This upcoming Sunday is Palm Sunday, and one of the lectionary texts will be Mark 11:1-11. This story is often referred to as “the triumphal entry.”
When they were approaching Jerusalem, at Bethphage and Bethany, near the Mount of Olives, he sent two of his disciples and said to them, “Go into the village ahead of you, and immediately as you enter it, you will find tied there a colt that has never been ridden; untie it and bring it. If anyone says to you, ‘Why are you doing this?’ just say this, ‘The Lord needs it and will send it back here immediately.’” They went away and found a colt tied near a door, outside in the street. As they were untying it, some of the bystanders said to them, “What are you doing, untying the colt?” They told them what Jesus had said; and they allowed them to take it. Then they brought the colt to Jesus and threw their cloaks on it; and he sat on it. Many people spread their cloaks on the road, and others spread leafy branches that they had cut in the fields. Then those who went ahead and those who followed were shouting,
Blessed is the one who comes in the name of the Lord!
Blessed is the coming kingdom of our ancestor David!
Hosanna in the highest heaven!”
Then he entered Jerusalem and went into the temple; and when he had looked around at everything, as it was already late, he went out to Bethany with the twelve.
I love Mark’s ending to the parade, which is a bit anticlimactic. In Matthew and Luke, Jesus charges straight into the temple and starts flipping tables over, but in Mark, Jesus is late, and the crowds have already gone home. He comes back the next day to “cleanse” the temple. Mark’s version reveals two things: First, Jesus wasn’t always on time. Second the whole event is staged.
We also have this interesting dialogue about procuring the colt. Had Jesus already made arrangements behind the scenes? Or did he simply have divine foreknowledge about the colt? I suspect Jesus has engineered this confrontation.
I did a Google image search for “triumphal entry,” which is how people often refer to this story. There were the usual classical paintings of Jesus on a donkey, but there were also these:
When we call this story “the triumphal entry,” we frame the event in terms of a conquest or occupation, sometimes for the sake of contrast: Jesus is a peaceful messiah, not a military one. I don’t think that’s wrong, but the title isn’t in the text. I do think the writer is calling to mind the story of 2 Maccabees 10, in which Judas Maccabeus (“Judah the Hammer”) retakes Jerusalem from “the foreigners” and purifies the temple. There are clearly revolutionary and militant overtones, but there always are in protests. And that’s how I frame this story: a planned protest, an “occupation” more like Occupy Wall Street, and a “triumphal entry” more like the Civil Rights marches.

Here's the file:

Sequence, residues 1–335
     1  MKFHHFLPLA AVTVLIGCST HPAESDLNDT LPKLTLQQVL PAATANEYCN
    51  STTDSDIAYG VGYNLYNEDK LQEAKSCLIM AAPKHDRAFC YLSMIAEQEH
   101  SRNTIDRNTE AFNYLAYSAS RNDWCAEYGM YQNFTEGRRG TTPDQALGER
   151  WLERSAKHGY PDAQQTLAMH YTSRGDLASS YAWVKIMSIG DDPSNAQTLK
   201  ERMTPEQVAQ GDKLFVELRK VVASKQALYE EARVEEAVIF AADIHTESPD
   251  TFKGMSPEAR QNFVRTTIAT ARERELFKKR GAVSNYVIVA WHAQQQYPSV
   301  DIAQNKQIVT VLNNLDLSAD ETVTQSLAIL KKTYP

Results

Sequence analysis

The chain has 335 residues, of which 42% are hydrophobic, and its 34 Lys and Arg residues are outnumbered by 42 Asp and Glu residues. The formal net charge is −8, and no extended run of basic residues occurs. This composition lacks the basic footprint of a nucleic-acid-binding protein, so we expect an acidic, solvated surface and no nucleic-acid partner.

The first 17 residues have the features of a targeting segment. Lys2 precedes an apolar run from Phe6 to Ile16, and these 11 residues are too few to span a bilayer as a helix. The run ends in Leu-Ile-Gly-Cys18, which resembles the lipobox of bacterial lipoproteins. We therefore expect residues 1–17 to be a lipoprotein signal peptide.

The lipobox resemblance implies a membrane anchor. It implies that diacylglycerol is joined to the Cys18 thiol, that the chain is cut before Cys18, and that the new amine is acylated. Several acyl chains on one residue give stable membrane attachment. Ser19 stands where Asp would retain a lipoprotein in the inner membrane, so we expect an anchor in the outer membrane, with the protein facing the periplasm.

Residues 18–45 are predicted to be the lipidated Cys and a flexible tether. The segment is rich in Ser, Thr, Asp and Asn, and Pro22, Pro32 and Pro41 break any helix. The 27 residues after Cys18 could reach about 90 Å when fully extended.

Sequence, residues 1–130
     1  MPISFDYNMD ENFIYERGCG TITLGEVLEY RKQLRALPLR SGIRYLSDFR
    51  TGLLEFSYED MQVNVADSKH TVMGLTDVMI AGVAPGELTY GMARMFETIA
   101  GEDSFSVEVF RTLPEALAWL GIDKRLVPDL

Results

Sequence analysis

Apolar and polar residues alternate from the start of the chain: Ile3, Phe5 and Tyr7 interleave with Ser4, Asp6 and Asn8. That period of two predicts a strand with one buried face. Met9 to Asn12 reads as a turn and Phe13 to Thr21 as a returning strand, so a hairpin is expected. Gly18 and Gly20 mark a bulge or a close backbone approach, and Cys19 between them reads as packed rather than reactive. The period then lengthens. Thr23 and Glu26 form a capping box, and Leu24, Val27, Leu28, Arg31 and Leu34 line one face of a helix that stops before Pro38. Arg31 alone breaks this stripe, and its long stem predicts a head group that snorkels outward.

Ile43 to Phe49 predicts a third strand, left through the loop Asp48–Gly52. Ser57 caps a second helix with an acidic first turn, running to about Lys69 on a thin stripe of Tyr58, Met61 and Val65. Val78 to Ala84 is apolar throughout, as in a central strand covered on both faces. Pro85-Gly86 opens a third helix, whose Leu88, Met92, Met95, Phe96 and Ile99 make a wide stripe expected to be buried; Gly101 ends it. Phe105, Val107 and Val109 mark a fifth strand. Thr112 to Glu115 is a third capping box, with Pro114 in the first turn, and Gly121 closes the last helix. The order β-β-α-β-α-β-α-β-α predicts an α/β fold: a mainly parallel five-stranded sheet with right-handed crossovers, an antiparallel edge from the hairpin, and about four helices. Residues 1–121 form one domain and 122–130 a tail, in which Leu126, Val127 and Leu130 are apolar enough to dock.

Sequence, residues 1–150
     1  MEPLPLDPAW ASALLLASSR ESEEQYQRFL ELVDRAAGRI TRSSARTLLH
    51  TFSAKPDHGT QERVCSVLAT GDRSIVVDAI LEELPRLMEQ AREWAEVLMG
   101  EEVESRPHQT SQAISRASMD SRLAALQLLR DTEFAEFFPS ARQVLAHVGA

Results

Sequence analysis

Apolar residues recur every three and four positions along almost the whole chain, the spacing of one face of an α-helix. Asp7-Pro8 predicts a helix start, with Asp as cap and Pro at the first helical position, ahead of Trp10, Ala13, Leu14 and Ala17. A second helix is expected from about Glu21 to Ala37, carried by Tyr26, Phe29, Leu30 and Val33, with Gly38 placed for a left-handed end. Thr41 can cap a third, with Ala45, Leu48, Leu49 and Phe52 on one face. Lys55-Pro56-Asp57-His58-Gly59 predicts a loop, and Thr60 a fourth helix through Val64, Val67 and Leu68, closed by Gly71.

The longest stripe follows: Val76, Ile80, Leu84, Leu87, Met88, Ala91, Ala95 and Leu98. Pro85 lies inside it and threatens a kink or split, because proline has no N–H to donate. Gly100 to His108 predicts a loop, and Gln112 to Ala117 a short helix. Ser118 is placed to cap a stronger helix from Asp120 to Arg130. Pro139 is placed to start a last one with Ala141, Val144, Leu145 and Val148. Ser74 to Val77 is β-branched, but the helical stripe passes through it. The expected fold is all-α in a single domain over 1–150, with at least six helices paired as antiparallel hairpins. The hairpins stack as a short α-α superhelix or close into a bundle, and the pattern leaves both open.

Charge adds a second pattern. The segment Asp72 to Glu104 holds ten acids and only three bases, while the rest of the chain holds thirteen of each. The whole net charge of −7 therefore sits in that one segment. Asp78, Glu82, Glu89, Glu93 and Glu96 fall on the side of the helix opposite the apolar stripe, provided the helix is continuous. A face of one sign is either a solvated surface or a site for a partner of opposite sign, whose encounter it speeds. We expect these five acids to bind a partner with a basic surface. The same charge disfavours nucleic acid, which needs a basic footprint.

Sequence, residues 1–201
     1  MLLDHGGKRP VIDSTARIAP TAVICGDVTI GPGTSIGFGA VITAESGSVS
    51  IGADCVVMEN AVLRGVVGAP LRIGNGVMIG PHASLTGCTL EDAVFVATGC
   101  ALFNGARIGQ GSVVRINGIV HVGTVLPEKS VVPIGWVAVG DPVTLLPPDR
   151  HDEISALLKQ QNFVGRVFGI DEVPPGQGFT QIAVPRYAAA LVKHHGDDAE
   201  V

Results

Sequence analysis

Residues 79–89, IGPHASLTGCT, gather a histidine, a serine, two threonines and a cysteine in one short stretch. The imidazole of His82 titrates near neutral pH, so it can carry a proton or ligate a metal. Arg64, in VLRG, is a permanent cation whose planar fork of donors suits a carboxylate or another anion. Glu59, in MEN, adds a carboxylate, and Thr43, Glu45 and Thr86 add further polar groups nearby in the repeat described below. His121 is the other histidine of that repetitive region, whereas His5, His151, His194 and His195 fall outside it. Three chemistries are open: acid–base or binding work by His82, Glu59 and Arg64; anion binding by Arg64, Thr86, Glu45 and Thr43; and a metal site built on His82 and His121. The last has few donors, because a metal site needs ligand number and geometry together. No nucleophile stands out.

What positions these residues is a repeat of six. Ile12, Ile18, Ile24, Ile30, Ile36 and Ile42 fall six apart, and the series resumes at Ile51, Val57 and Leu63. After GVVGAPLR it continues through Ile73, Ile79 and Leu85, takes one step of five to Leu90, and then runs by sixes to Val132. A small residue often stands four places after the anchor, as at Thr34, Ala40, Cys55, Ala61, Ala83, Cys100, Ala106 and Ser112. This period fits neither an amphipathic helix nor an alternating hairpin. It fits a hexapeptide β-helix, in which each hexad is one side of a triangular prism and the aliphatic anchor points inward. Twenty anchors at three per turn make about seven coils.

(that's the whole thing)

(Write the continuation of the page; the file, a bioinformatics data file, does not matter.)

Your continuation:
This story is geographical. There is a lot of movement from Jesus’ base of operations in Bethany to the dangerous religious and military stronghold of Jerusalem. When Jesus commandeers a colt, marches into Jerusalem, and throws out the moneychangers as if he and his followers own the place, they are occupying a contested public space.
So if you have a problem with public protests and marches, you wouldn’t actually like Jesus very much.
Twice a week during Lent (usually Tuesday and Thursday) I do a short reflection on a Bible verse from a devotional and social justice perspective. You can sign up to get a prompt via SMS here:
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I love that Jesus was a protester! Not only against the status quo of the religion and politics of his day, but also against sin, disease, and death – by healing them, even on the Sabbath. He was revolutionary in his comments like this one about forgiveness: I say not unto thee, until seven times: but, until seventy times seven. Or this one: Love your enemies, do good to them which hate you. What a good model for us.